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More Diebold problems in Maryland

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Who even came up with this rollout plan for the new Diebold machines in Maryland? They bought new technology for $18.4M during the summer, give limited hands-off training and then they expect that by some miracle, a bleeding edge solution is going to work in time for the elections.

Anyone who has ever spent any time at all on new technology knows that buying the technology is just a part of the costs and plan. Rolling out something new, especially a system that has not been used anywhere before, is going to require plenty of training and hand holding. No, the team in Maryland fell for the "plug and play" pitch from someone and now the voters are stuck paying the price.

At one Baltimore precinct, poll worker Al Samples, a 38-year-old computer scientist, said he could not prevent the three small check-in stations made by Diebold Election Systems Inc. - called e-poll books - from suddenly turning off. The machines crashed about 40 times, he said.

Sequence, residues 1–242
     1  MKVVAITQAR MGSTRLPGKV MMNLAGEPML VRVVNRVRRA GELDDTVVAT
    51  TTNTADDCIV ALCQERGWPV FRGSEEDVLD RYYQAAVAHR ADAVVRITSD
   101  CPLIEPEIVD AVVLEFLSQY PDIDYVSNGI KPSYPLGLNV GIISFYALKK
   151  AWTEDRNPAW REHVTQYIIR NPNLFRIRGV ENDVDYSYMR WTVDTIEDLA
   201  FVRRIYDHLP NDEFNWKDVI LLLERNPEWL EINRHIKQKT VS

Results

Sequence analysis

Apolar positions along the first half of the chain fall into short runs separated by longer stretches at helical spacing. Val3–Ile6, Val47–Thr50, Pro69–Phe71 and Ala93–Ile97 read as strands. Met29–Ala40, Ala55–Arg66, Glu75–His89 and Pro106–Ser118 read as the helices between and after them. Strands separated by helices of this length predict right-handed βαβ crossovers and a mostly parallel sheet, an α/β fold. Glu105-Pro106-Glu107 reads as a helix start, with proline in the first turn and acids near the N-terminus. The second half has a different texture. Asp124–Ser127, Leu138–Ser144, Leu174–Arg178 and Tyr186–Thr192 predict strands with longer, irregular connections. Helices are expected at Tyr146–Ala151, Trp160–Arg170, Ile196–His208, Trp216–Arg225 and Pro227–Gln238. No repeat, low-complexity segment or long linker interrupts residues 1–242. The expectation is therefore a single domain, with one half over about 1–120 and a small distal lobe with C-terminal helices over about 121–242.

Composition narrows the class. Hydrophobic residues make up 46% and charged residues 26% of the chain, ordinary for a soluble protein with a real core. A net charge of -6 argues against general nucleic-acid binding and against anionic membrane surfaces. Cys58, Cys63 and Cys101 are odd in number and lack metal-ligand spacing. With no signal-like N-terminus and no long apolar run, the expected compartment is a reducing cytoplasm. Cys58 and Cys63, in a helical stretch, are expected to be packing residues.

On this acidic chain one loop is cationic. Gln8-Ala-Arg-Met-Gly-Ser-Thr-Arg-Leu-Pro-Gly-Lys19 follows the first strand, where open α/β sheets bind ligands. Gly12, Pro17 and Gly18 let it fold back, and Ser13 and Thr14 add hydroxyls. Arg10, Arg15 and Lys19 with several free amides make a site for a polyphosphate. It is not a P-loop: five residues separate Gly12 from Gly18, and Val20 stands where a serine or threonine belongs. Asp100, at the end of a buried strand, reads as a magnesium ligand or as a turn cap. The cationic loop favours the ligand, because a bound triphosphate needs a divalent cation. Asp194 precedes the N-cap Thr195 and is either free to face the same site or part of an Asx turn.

The governor's office said yesterday that it might ask state election officials to abandon the new equipment during November's general election or at least have a backup paper list of registered voters on hand.

"It should have been disclosed that we were the guinea pigs," said Joseph M. Getty, Gov. Robert L. Ehrlich Jr.'s policy director.
Guinea pigs? Diebold ought to be giving this away if they are looking for a guinea pig. That is typically more common in the tech business when you are looking for a guinea pig.
It took Samples, who installs and maintains computer networks for Agilent Technologies, an hour and a half to figure out that the units in his precinct weren't talking to one another and to discover that a cord had not been plugged in all the way. Even after the correction, the computers continued to crash.

"The training was pathetic," said Samples, who has volunteered as an election judge since 1992 and who was responsible for checking in voters on the e-poll books. "I'm sitting there bored out of my mind, and they never let you work on the machines. A person just stands up front showing it to you."

And to think there were problems. Go figure.

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